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THE NEW MUSICAL IMAGINARY: DESCRIPTION AS DISTRACTION IN NEW MUSIC

  • Ian Power

Abstract

In her book The Philosophical Imaginary, Michèle Le Doeuff claims philosophers use imagery precisely where their argument is at its weakest in order to provide an indistinct rhetorical space which cannot be clearly judged or criticised. Using Le Doeuff's framework, I examine programme notes: descriptive writing from programmes and grant applications that often tie the music to an extra-musical source of meaning. I point out instances where what is at stake in the work shifts from place to place, performing a determined meaning for the genre's outsiders, but indicating semantic superfluity to insiders who will tangibly judge the music on search committees and grant panels. After discussing genre theory and the history of new music, I argue that this imagery has a deeper social function: to gain social capital by performing diversity while maintaining the cultural power afforded by the genre's roots in hegemonic formalism.

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1 Doeuff, Michèle Le, trans. Gordon, Colin, The Philosophical Imaginary (London: Athlone Press, 1989 [1980]), p. 9.

2 Anonymous programme note 1.

3 Doeuff, Michèle Le, trans. Gordon, Colin, The Philosophical Imaginary (London: Athlone Press, 1989 [1980]), p. 3.

4 Le Doeuff, The Philosophical Imaginary, p. 19.

5 Programme notes are taken from the following festivals and grants: MATA 2017; MATA 2016; New Music Gathering 2017; New Music Gathering 2016; New Music Gathering 2015; Darmstadt Ferienkurse 2016; Darmstadt Ferienkurse 2014; Darmstadt Ferienkurse 2012; New Music USA Project Grants Spring 2017; Northwestern University New Music Conference 2015; Several other concerts in the United States in 2016–2017.

6 When I gave this article as a talk at the 2017 Annual Meeting of the American Musicological Society, I included some programme notes of my own to implicate myself as a composer as a way of showing that I believe what I describe is symptomatic of the genre as a whole rather than a practice of individuals.

7 Anonymous note 2.

8 Anonymous note 3.

9 Anonymous note 4.

10 Anonymous note 5.

11 Anonymous note 6.

12 Anonymous note 7.

13 Le Doeuff, The Philosophical Imaginary, p. 45.

14 Le Doeuff, The Philosophical Imaginary, p. 47.

15 Anonymous note 8.

16 Anonymous note 9.

17 Anonymous note 10.

18 Anonymous note 11.

19 Agamben, Giorgio, trans. Albert, Georgia, The Man Without Content (Stanford: Stanford University Press, 1999 [1970]), pp. 65–6.

20 Lochhead, Judith, Reconceiving Structure in Contemporary Music (New York: Routledge, 2016), p. 26.

21 Le Doeuff, The Philosophical Imaginary, p. 141.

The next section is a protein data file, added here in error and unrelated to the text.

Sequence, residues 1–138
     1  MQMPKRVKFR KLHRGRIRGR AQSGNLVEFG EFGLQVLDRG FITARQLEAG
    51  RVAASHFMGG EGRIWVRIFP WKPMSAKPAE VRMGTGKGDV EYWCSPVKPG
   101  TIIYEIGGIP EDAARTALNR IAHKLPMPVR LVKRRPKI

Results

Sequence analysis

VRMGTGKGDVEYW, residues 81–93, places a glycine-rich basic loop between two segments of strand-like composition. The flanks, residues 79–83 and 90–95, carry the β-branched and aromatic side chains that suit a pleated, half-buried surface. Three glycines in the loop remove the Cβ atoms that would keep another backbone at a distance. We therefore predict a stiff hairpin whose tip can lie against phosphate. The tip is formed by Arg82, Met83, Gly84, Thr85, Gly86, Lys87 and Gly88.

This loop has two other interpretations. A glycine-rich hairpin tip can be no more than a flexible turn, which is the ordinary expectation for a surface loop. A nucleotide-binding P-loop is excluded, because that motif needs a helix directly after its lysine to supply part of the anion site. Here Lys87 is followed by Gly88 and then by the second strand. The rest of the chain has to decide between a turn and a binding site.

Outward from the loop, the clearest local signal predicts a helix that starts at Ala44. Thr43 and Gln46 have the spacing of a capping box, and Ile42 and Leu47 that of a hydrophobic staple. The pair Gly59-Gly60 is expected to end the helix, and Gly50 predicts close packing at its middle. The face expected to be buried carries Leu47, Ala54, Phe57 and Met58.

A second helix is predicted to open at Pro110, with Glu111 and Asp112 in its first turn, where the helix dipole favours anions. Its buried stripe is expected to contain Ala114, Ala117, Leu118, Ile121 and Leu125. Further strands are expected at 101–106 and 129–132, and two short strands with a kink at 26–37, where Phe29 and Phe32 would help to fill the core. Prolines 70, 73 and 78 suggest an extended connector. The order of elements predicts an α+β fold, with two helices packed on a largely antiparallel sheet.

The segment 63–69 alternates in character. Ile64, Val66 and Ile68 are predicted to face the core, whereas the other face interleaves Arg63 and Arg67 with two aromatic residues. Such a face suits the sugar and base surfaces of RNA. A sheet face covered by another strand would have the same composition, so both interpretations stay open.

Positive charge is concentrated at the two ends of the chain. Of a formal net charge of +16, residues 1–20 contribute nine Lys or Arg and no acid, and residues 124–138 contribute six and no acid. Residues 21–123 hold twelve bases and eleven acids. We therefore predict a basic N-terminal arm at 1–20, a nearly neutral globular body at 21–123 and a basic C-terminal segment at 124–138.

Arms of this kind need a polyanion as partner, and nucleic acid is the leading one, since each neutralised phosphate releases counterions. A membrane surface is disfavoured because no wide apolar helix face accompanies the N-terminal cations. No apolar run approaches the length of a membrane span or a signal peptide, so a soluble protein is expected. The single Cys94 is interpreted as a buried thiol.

22 Anonymous note 12.

23 Anonymous note 13.

24 Anonymous note 14.

25 Anonymous note 15.

26 Anonymous note 16.

27 ‘Research and teaching’, here, obviously mirrors the requirements for a musician to gain tenure in an academic department; in many departments, composition is substituted for research, but it is ambiguous what, if any, relationship the two have.

28 Anonymous note 17.

29 Grosz, Elizabeth, Sexual Subversions: Three French Feminists (Crows Nest: Allen & Unwin, 1989), p. 186.

30 James, Robin, ‘Is the Post- in Post-Identity the Post- in Post-Genre?’, in Popular Music 36/1 (2016), p. 25.

31 James, ‘Is the Post- in Post-Identity the Post- in Post-Genre?’, p. 24

32 Fiske, John, Media Matters: Everyday Culture and Political Change (Minneapolis: University of Minnesota Press, 1994), p. 24.

33 ‘The Composer as Specialist’ was Milton Babbitt's original title for his notorious article that would be renamed ‘Who Cares If You Listen?’ by an editor.

34 Lochhead, Reconceiving Structure in Contemporary Music, p. 18.

35 Rutherford-Johnson, Timothy, Music After the Fall: Modern Composition and Culture since 1989 (Oakland: University of California Press, 2017), p. 22.

36 Gottschalk, Jennie, Experimental Music since 1970 (New York: Bloomsbury Academic, 2016), p. 1.

37 Miller, Carolyn R., ‘Genre as Social Action’, Quarterly Journal of Speech, 70/2 (1984), p. 162.

38 See Daniel Visconti, ‘Program Notes’, 14 January 2010, on New Music Box (accessed 7 November 2018), https://nmbx.newmusicusa.org/Program-Notes/.

39 The Wayne State University guide to writing programme notes begins, ‘While many program notes aim to inform audiences comprised mostly of musical amateurs, these program notes should aim at a more musically educated audience. However, you should not go into long discussions of form or involved descriptions of harmonic events. Try to treat a middle ground’. See ‘A Guide to Writing Program Notes’, on Department of Music – Wayne State University (accessed 7 November 2018), https://music.wayne.edu/students/guide_to_writing_program_notes.pdf.

40 Le Doeuff, The Philosophical Imaginary, p. 6.

41 Anonymous notes 18, 19, 20, and 11.

42 Le Doeuff, The Philosophical Imaginary, p. 7.

43 Grosz, Sexual Subversions, p. 189.

44 Grosz, Sexual Subversions, p. 189.

45 Ian Power, ‘Beauty as Privilege: Contemporary Music and Trump Anxiety’, on Foci Arts (accessed 7 November 2018), https://fociarts.com/beauty-as-privilege-contemporary-music-during-trump/.

46 Le Doeuff, The Philosophical Imaginary, p. 19.

47 According to National Science Foundation data, 88 per cent of US Citizen Music Theory & Composition PhD recipients in 2015 were white, 73 per cent of all PhD recipients in those subjects were male. See ‘Table 22: Doctorate Recipients, by subfield of study, citizenship status, ethnicity, and race: 2015’, on National Science Foundation (accessed 7 November 2018), www.nsf.gov/statistics/2018/nsf18304/data/tab22.xlsx.

THE NEW MUSICAL IMAGINARY: DESCRIPTION AS DISTRACTION IN NEW MUSIC

  • Ian Power

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